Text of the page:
Interestingly, many years after his passing, his music continues to inspire many after him. Diddy, celebrates with it at key moments, presumably not solely because of the musical quality, but also due to what the sound represents; freedom, equality, growth, emancipation, and the thriving of black people in all spheres of existence, and wherever they may journey in life.

Joey Akan is an award-winning writer, journalist, critic and podcaster based in Lagos, Nigeria. Follow him on Twitter.

Photos by David Pattinson.

First Look: This New Collection from Art Comes First Is Peak Black Yeehaw Aesthetic

The design and brand consultant duo previews the SS20 collection displayed during their residency at The Mandrake Hotel in Paris.

Following their wavy Surf Afrika collection, Art Comes First (ACF) shares with us a preview of their SS20 collection that is all things Black Yeehaw Aesthetic.

Dubbed El Charro Negro, the collection features neutral colors and an array of textures—from leather, embroidery, fringed denim and ponchos, to vests, suede jackets and straight flyness.

Sam Lambert and Shaka Maidoh of ACF are known as the "Travelling Tailors" where their ventures around the world influence their designs. This time the nomads, who hail from the West Indies, Ghana and Angola respectively, have landed in Paris.

Earlier this month, ACF curated a week-long event-filled residency at The Mandrake Hotel in Paris that encapsulates their ethos of taking cultural influence from around the world and only staying still long enough to create. There, Lambert and Maidoh presented an installation, live musical performances and DJ sets, a film screening and a pop-up shop leading up to Fashion Week. The residency also showcased the duo's latest collaboration with London mainstay Fred Perry.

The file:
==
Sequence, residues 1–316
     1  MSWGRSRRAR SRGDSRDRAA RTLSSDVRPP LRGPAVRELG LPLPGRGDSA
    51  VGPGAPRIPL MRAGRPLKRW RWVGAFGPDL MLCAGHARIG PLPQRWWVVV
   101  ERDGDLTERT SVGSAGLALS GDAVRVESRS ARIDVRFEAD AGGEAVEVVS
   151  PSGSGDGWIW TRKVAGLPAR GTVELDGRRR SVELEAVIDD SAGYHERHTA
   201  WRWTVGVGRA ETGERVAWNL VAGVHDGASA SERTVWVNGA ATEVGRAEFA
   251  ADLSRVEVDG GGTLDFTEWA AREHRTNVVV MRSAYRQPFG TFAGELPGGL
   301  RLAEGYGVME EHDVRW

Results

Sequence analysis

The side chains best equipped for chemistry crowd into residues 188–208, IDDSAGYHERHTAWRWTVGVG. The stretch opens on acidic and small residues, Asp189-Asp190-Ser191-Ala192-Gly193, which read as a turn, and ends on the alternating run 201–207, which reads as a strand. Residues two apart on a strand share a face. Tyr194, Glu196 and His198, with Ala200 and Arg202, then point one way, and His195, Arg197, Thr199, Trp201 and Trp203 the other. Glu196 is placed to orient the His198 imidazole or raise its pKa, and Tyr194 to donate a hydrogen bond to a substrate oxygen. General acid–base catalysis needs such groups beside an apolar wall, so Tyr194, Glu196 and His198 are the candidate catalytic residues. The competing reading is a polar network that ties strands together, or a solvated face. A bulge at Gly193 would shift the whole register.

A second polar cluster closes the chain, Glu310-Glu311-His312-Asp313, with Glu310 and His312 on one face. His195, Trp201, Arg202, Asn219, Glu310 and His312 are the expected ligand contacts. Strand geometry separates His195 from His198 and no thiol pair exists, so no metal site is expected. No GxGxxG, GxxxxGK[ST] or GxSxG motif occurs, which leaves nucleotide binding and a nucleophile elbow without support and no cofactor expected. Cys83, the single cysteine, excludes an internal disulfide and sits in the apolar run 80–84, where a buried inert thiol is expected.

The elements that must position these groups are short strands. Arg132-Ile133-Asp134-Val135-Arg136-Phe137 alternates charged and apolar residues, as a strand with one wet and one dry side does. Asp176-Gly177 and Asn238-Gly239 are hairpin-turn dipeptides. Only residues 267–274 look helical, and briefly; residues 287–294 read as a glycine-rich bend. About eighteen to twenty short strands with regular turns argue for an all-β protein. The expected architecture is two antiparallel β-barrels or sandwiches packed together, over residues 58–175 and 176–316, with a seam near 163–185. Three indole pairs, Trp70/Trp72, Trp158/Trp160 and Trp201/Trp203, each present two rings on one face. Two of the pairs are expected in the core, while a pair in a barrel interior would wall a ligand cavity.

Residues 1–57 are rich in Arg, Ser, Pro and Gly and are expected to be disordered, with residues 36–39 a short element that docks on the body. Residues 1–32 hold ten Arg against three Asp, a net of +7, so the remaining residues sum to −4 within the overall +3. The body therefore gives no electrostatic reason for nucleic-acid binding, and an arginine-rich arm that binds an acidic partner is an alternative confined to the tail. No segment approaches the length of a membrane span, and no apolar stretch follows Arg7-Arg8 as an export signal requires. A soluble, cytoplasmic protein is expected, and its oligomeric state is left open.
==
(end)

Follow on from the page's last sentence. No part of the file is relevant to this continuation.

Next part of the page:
El Charro Negro will still be showcased in Paris at another location from June 18 to 23. Keep up with ACF on Instagram to stay tuned for details.

Check out our favorite images from the collection below.

Keep reading... Show less

Nonso Amadi & Kwesi Arthur's 'Comfortable' Will Get You In Weekend Mode

Watch the trippy new music video for this link-up from the buzzing Nigerian and Ghanaian artists.

Nonso Amadi is one of the standout acts from a young wave of Nigerian musicians blending afro-fusion with RnB and much more. He's now dropping the brand new single "Comfortable," an addictive self-produced track that sees him linking up with bubbling Ghanaian act Kwesi Arthur, which we're premiering below today.

"Comfortable" is built on woozy synth keys and sparse beat work, all spearheaded by Nonso Amadi's vocals about wanting freedom in a relationship.

"The song is inspired by experiences with having a girl over and not wanting them to get too comfortable by staying too long with you," says Nonso Amadi. "I thought it'll be interesting to create a song around this 'cos it's not a perspective were used to hearing from guys very often."

Keep reading... Show less
Screenshot via YouTube.

Maleek Berry Makes a Statement with His First Track of the Year, 'Flashy'

And the music video follows suit.

After months of anticipation, Maleek Berry finally dropped his first track of the year, "Flashy."

The Nigerian crooner-producer surely makes a statement on the track while flexing his rapping skills, as he chronicles how he leveled up to be flashy—and it's well-deserved. The video shows us a scene of a fly photo shoot that's underway, where Maleek is dripping in gold and fancy cars surrounded by stunning black women and his homies—Eugy, Tinie Tempah, Juls and more.

Watch the video, directed by Capone and Guise of Vissionaire Pictures, below.

Keep reading... Show less

get okayafrica in your inbox